Most real estate companies have had their fair share of deal mistakes. Some of these are avoidable, while others creep up on you when you least expect it.
Jacob Blackett, the founder of SyndicationPro, has made one of those costly ones in the course of running his company. His team bought a C Class property and wanted to reposition it to C+. The house was built in the early 70s, and the owner had been in possession of it for about thirty years.
It was meant to be the classic deal, fix up the units and sell. However, the biggest mistake they made was that the budget was only for the improvements they planned without considering that the first 18 months would contain higher repairs and maintenance.
The previous owner had put band-aids on everything for years, leaving the plumbing and everything else in a sorry state. Eventually, things did turn out okay, and they were about to sell for some profits. But not without several months of hindered cash flow and a lot of avoidable stress.
Jacob may have been lucky with this deal, but your real estate mistakes may end up being more severe. So, to avoid being on the wrong side of the market, here are some real estate deal mistakes you should never make.
No Due Diligence
Do you take time out to run the numbers for each deal, or you’re in too much of a hurry to do this diligently? If you’re not the type to carry out due diligence on any deal, then you’re courting a disaster.
For example, if you were to handle a fix and flip deal, here are important questions for your ideal due diligence process:
- What type of buyer do you want, and how much will they pay?
- How much would your target buyer want as a discount to the market value?
- Can you calculate the investment potential on a rental property and what the rental buyer wants for cash flow?
- What is your estimate for the rehabilitation job?
By answering these questions correctly, you have gone a long way in carrying out due diligence on the property. Feel free to monitor other aspects. It’s best to have all the answers ready than be the victim of unpleasant surprises.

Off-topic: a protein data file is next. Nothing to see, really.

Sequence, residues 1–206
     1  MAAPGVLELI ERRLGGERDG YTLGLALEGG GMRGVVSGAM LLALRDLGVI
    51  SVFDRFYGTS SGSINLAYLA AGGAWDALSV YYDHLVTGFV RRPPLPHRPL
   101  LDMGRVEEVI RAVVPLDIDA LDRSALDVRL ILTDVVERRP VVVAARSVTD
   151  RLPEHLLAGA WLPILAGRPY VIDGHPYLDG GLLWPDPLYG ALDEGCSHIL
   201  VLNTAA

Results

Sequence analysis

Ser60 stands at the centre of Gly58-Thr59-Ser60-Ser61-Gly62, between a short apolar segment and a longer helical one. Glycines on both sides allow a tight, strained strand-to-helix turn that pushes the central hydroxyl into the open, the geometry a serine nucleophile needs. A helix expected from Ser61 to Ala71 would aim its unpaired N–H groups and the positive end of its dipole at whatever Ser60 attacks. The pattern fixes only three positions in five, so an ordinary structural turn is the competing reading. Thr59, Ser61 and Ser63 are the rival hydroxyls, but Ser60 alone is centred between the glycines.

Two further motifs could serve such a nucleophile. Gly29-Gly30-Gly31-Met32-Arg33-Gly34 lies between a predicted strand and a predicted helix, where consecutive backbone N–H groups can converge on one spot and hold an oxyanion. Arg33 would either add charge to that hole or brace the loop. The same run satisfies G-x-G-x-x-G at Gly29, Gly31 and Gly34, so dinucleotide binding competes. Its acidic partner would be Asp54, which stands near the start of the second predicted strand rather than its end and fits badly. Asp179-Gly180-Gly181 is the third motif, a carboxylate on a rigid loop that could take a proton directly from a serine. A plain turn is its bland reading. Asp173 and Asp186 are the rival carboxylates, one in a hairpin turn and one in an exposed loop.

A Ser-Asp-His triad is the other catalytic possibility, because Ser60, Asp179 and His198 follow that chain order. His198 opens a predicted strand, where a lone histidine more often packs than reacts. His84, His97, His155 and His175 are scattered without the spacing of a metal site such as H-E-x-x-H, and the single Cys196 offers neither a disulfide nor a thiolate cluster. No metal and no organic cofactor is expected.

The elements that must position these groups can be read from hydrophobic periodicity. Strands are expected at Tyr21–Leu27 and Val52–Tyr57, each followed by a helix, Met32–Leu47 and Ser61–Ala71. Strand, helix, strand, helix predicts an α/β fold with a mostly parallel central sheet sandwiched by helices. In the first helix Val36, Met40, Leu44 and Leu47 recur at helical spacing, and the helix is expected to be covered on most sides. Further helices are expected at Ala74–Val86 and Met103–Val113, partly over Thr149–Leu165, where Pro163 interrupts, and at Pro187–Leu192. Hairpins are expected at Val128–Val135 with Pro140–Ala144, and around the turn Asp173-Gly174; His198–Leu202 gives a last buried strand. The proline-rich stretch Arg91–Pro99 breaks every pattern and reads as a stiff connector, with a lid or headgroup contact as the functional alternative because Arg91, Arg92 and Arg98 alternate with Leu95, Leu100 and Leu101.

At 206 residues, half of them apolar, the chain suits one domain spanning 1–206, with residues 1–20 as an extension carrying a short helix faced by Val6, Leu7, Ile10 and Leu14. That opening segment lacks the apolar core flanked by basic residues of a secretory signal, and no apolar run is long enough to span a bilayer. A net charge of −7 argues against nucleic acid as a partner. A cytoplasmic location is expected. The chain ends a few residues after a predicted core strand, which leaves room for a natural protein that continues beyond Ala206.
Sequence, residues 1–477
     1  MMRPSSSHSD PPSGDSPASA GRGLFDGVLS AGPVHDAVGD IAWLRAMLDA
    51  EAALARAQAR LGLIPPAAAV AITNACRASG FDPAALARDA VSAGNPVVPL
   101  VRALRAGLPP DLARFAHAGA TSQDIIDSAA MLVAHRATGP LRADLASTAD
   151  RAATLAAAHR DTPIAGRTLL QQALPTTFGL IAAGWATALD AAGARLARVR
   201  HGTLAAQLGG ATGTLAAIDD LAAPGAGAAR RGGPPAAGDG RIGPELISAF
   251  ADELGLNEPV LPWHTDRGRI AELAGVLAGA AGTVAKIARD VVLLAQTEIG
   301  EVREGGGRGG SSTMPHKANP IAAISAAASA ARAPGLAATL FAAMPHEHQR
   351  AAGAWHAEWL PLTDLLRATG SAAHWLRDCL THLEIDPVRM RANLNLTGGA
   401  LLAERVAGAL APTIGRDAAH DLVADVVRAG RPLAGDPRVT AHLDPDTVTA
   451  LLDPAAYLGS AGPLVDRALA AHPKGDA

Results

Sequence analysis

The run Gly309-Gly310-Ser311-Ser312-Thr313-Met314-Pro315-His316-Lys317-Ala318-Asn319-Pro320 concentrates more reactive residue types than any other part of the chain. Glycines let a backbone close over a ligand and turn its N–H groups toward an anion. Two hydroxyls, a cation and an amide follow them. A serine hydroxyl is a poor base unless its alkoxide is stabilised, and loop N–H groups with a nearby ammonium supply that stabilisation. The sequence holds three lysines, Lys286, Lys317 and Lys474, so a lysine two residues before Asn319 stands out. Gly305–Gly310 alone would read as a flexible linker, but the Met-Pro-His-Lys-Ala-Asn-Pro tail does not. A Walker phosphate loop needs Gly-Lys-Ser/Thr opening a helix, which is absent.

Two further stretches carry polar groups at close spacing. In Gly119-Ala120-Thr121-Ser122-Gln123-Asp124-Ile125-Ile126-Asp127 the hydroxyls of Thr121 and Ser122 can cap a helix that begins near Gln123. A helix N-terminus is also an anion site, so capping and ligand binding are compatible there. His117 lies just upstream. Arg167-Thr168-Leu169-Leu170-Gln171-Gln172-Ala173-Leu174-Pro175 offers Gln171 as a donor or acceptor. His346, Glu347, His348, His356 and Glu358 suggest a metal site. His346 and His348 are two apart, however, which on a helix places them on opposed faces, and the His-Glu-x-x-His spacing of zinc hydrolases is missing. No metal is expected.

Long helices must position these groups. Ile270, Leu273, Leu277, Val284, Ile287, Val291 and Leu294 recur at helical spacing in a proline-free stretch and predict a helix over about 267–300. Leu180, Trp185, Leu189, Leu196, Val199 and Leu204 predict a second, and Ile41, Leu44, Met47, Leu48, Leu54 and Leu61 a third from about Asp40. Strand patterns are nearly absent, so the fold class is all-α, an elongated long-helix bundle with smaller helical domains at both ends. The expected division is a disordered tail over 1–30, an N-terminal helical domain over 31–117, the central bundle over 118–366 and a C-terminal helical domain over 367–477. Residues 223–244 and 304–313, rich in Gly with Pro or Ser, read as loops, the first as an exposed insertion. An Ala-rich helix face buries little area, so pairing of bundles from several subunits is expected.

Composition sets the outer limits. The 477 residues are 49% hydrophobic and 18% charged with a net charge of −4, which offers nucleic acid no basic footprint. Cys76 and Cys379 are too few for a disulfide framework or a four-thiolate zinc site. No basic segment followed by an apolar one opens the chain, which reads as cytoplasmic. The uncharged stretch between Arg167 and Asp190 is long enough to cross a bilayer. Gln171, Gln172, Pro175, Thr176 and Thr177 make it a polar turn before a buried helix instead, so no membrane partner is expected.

No Adequate Understanding of Your Target Market
All it takes is one wrong purchase, and you could find yourself stuck with a home that no one is interested in. To avoid making this terrible mistake, you need to pay more attention to the neighborhood and the type of house you’re buying.
It’s entirely possible that you would have more rental property investors as your buyers. Therefore, you should take the time out to conduct the right level of research. This will help you determine what works for them and the rental market.
Not Focusing on Consistent Communication with Potential Buyers
After working hard to build a strong database of buyers, one big mistake you would make is not staying in touch as often as possible. With a steady buyer list, you can be sure that there will always be someone interested in any deal you have available.
However, when you wait for several months, maybe after a long time of successful deals, to get in touch with a frequent buyer, you may discover that they have moved on. They may no longer be interested in that sort of price range or area. Update your information regularly by staying in contact with your buyers.
Not Understanding Your Buyers
Apart from understanding what type of property you’re working with and the neighborhoods that should be on your radar, some real estate agents don’t understand their buyers. Investors have different tastes and expectations. You should know the type of homes and styles that they would prefer.
The best way to get this information is to cultivate a stable relationship with them, enough to get in on this conversation freely. Find out the kind of neighborhoods they prefer, what they look out for in a rental home, and have a reliable database with this information.
These are only a few of the common real estate mistakes that agents make. So, keep these in mind and avoid them to attain consistent success and growth.